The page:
It’s obvious to us all that the world of education has transformed dramatically over the last 12 months.
We have never seen a change quite like it and, I’m sure like most working in schools across the globe, never before have we faced the challenges that have been presented to us.
An educational year of uncertainty, systematic change, wholesale strategic redevelopment and, sadly, fear and loss within many of the communities we serve. The current educational landscape to which we navigate across is unrecognisable to the one we stood within during the weeks and months prior to March 2020.
The horizon now looks different, reshaping in front of our eyes and the map we follow is evolving and formulating with every step. As schools opened to more pupils on March 8, it was clear to see that the need to have a capacity within our schools, to support those families who had been hit harder than most by the global situation was evident.
However, as we reshape our schools on this journey to the new normal, we must strongly take into consideration the health and wellbeing of our staff. Furthermore, our role in supporting the communities we serve is needed now more than ever before. The next steps ahead should be delicate, carefully planned and, importantly, leave no lasting damage on those around us.
Let us not leap blindly into the new tomorrow without considering the impact on our staff, pupils and parents. Although frailty within our communities might not be evident in all we meet, the stresses and strains of the last calendar year will exist; some clearly hiding it better the others or, perhaps, simply may not have felt it yet.
Teaching and education is, in essence, transactional. From the carefully planned and sequenced sharing of knowledge and skills to pupils in our classrooms, the timely and effective administration of good practice to develop our staff teams, to the successful distribution of information to ensure sustained and positive relationships within our wider school community.
All of these transactions are for the betterment of our schools and, without doubt, our pupils. To reference a cliched metaphor, perhaps over used by many, including myself, the established aphorism states ‘you can’t pour from an empty cup’ and, given the recent 12 months we have all experienced, it’s hard to imagine anyone in our organisations who hasn’t had their cup knocked, emptied or even drained completely more than once during this time.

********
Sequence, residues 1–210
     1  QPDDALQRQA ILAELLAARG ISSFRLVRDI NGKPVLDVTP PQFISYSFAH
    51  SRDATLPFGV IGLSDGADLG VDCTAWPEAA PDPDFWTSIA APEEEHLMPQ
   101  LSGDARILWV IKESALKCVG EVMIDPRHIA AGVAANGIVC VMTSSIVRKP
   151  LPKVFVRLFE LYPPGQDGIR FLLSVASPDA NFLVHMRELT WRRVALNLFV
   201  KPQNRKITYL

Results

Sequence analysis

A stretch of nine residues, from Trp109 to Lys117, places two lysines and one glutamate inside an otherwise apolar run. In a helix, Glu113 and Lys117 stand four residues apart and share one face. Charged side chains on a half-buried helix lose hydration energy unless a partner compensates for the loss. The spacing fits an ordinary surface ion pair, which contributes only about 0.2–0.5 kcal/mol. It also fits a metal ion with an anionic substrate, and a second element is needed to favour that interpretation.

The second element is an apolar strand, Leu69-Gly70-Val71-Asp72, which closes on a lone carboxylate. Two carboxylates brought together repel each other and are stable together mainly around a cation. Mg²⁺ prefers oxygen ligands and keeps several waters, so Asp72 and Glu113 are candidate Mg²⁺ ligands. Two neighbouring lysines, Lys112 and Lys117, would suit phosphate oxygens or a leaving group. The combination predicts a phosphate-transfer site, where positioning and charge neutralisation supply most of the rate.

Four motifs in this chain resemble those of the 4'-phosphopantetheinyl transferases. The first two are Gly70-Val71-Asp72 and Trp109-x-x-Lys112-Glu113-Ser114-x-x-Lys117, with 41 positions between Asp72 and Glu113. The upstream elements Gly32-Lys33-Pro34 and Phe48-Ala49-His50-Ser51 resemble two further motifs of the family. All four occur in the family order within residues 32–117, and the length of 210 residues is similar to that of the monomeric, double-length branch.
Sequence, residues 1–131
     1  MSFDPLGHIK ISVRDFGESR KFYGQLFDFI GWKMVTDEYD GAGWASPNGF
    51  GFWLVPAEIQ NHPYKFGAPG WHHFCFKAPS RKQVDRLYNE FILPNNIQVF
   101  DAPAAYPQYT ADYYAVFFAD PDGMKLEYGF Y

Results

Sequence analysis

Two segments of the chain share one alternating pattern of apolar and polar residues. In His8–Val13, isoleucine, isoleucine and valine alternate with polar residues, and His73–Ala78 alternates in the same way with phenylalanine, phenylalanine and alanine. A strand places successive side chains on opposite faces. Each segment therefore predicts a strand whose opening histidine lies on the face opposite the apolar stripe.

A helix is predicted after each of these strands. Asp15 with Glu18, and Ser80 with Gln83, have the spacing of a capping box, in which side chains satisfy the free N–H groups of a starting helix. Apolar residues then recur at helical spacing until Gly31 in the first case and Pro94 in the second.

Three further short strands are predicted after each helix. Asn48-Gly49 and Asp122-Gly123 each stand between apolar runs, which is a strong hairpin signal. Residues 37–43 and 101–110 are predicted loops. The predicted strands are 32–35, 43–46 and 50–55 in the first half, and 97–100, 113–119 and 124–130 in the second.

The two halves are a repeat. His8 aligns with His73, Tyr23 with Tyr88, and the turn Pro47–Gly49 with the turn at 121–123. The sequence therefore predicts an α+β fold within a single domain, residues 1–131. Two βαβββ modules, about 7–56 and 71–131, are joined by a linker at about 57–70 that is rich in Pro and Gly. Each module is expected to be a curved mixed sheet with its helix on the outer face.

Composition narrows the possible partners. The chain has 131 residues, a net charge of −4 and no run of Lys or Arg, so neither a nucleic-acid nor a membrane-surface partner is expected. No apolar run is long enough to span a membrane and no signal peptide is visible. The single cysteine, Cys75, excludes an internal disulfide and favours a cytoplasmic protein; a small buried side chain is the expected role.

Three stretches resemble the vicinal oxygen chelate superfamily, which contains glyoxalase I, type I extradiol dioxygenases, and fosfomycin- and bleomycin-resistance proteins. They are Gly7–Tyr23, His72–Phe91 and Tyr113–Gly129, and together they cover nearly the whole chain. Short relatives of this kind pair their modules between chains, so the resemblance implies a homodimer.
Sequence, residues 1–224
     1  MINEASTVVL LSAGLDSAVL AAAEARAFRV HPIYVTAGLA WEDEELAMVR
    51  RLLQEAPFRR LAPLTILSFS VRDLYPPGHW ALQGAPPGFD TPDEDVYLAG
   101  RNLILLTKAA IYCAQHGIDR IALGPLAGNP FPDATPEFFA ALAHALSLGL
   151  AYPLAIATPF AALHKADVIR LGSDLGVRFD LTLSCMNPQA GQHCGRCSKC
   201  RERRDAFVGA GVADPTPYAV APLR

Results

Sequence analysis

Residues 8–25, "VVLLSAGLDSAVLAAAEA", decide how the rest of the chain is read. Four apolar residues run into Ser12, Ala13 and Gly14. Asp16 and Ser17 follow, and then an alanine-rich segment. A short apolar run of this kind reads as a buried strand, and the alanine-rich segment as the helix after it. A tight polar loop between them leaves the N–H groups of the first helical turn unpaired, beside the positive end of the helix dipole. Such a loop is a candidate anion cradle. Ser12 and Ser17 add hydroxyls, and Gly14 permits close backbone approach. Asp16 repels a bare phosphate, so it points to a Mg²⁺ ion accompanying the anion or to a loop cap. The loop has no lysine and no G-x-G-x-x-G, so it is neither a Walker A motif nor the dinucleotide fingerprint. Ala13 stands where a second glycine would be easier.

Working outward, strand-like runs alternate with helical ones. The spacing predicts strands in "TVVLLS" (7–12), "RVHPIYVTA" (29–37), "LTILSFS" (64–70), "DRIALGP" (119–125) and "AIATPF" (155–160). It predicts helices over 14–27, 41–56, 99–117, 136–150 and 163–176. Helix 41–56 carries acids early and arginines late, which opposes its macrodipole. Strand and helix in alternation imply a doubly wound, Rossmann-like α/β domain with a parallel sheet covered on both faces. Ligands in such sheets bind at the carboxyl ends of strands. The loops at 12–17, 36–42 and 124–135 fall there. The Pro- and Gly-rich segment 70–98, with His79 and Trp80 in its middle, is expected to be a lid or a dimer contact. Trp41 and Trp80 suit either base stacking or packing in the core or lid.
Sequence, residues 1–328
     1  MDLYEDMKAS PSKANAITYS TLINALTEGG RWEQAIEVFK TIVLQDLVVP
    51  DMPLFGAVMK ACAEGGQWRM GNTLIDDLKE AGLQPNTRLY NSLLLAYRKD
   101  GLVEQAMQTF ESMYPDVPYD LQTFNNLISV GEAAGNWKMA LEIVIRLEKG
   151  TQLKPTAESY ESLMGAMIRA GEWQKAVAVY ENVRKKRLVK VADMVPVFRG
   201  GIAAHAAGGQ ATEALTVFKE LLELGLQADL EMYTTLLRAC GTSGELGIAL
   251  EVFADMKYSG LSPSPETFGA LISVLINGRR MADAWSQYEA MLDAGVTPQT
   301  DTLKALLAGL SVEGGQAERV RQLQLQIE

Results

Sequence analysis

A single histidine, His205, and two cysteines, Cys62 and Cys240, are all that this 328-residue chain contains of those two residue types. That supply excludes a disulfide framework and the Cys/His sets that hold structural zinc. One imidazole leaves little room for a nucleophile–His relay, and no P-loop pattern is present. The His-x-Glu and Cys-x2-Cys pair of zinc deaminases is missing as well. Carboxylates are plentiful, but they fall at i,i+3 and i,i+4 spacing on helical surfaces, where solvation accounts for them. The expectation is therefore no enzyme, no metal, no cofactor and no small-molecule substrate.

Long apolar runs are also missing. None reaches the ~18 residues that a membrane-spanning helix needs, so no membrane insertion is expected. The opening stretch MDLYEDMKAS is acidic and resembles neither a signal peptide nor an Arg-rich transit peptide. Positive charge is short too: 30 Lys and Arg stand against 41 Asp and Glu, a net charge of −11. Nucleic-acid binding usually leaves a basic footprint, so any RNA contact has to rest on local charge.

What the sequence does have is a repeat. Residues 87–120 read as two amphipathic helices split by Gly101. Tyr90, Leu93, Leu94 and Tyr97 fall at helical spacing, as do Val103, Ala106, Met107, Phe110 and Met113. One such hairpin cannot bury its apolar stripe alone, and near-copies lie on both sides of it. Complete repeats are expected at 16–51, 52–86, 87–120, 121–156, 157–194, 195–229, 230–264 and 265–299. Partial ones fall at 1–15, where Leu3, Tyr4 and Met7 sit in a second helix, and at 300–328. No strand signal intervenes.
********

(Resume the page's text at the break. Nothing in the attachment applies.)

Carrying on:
Critically, as leaders we must make sure that we construct and embed cultures within our schools, institutions and organisations that look out for our colleagues at this challenging time whose cups are not yet full, development for those who don’t know yet how to fill them and, sadly, support those who may have lost their cup completely through no fault of their own or, without knowing, the systems and processes we, or the custodians before us, have put in place.
In the coming weeks, our minds will start focusing on the next academic year and the, even greater, possibility of leading our schools with a modus operandi similar to the pre-pandemic way of life we have lost along the way.
However, as we re-evaluate our strategic planning and discuss the elements of curriculum intent and implementation that may not have occurred, or embedded as well as we wanted, let us use the time to reflect on what we need to do in our schools to support embedded and sustained wellbeing for our staff.
It’s time to reboot the system, refresh the circuitry and reimagine the support we offer to our workforce. This is now not just about workload but a holistic approach to leading people with humanity, with mental health at the forefront.
Opportunities to develop a culture of wellbeing
Developing a culture of mental health support in schools is never easy and, where systems have failed historically, this may have been due to the manner in which these systems of support were implemented.
As leaders, we can, to our detriment, be seen to be reactive to the latest initiative; working on the assumption that adding something new to our school: a scheme of work, an approach to teaching and learning, gestures of wellbeing, will equally bring the success or outcome we are searching for.